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Future heat vulnerability in California, Part I: projecting future weather types and heat events

Abstract

Excessive heat significantly impacts the health of Californians during irregular but intense heat events. Through the 21st century, a significant increase in impact is likely, as the state experiences a changing climate as well as an aging population. To assess this impact, future heat-related mortality estimates were derived for nine metropolitan areas in the state for the remainder of the century. Here in Part I, changes in oppressive weather days and consecutive-day events are projected for future years by a synoptic climatological method. First, historical surface weather types are related to circulation patterns at 500mb and 700mb, and temperature patterns at 850mb. GCM output is then utilized to classify future circulation patterns via discriminant function analysis, and multinomial logistic regression is used to derive future surface weather type at each of six stations in California. Five different climate model-scenarios are examined. Results show a significant increase in heat events over the 21st century, with oppressive weather types potentially more than doubling in frequency, and with heat events of 2 weeks or longer becoming up to ten times more common at coastal locations.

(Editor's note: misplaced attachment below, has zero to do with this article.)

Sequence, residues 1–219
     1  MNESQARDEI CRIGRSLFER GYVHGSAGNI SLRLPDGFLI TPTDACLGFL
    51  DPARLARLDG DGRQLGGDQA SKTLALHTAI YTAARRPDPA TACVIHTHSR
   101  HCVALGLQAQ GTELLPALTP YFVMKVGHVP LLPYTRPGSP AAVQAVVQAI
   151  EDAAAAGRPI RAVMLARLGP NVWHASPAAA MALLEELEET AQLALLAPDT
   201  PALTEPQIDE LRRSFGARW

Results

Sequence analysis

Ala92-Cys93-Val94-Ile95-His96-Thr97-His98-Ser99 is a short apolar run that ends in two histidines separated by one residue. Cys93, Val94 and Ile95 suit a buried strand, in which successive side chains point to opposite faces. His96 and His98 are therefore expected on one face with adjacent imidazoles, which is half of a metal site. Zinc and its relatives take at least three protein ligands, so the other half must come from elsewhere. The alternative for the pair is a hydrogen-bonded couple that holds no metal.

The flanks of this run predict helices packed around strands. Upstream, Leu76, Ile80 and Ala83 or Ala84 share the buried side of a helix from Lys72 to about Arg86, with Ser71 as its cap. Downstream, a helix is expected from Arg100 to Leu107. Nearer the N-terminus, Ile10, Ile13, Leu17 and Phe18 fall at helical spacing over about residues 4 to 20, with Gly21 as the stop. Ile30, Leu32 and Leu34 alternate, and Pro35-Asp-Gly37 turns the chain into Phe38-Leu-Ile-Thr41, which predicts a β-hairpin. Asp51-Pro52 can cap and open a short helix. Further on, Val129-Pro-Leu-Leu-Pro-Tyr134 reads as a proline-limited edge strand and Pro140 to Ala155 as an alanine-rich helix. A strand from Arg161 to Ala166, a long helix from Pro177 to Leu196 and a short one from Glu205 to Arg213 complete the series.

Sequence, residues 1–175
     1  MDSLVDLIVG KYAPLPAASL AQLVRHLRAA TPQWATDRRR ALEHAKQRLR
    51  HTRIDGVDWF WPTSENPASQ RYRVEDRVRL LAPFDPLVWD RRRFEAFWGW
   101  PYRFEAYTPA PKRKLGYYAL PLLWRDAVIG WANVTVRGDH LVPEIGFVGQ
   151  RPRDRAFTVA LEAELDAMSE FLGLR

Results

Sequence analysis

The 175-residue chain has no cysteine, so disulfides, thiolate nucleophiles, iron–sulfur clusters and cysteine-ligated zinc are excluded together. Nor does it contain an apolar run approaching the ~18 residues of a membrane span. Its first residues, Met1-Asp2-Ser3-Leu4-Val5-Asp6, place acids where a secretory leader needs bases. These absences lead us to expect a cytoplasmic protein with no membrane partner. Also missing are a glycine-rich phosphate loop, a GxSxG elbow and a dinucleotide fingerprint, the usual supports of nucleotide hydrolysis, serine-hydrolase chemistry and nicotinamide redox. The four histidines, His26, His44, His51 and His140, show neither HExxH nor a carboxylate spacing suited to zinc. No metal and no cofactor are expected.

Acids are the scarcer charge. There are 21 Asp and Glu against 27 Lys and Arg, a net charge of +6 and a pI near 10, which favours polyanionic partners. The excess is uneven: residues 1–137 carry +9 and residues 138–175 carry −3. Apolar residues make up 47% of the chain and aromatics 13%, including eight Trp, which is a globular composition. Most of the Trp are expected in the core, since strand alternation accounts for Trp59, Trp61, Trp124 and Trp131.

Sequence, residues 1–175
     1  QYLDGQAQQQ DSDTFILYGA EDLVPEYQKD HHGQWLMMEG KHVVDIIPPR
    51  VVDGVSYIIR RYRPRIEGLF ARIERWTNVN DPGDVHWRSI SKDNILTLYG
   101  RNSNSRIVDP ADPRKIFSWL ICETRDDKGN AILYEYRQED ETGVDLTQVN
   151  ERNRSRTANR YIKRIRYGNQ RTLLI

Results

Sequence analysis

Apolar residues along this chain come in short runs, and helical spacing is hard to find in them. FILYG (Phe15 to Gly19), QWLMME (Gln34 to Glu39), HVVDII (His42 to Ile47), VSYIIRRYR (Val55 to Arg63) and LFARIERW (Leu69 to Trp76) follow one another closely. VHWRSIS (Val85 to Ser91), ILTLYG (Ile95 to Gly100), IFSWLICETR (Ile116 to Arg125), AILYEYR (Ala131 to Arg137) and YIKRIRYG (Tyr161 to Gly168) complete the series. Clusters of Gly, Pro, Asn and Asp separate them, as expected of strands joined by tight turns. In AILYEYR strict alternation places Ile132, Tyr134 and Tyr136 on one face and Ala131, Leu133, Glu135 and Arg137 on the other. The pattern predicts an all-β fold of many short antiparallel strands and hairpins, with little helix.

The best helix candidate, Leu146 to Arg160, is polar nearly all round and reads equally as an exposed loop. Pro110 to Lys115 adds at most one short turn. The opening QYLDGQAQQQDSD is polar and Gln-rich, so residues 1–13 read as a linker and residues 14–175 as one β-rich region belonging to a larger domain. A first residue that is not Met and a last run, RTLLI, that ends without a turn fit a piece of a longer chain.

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Acknowledgments

We would like to express our gratitude to the California Air Resources Board for their financial support of this research, especially Deborah Drechsler, our project manager. We also would like to acknowledge Katharine Hayhoe and Jeff Van Dorn for their provision of most of the raw NNR and GCM data. We thank the editors and three anonymous reviewers who helped make our manuscript stronger.

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Correspondence to Scott C. Sheridan.

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Sheridan, S.C., Lee, C.C., Allen, M.J. et al. Future heat vulnerability in California, Part I: projecting future weather types and heat events. Climatic Change 115, 291–309 (2012). https://doi.org/10.1007/s10584-012-0436-2

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  • DOI: https://doi.org/10.1007/s10584-012-0436-2

Keywords

  • Heat Event
  • Global Climate Model
  • Discriminant Function Analysis
  • Weather Type
  • Discriminant Function Analysis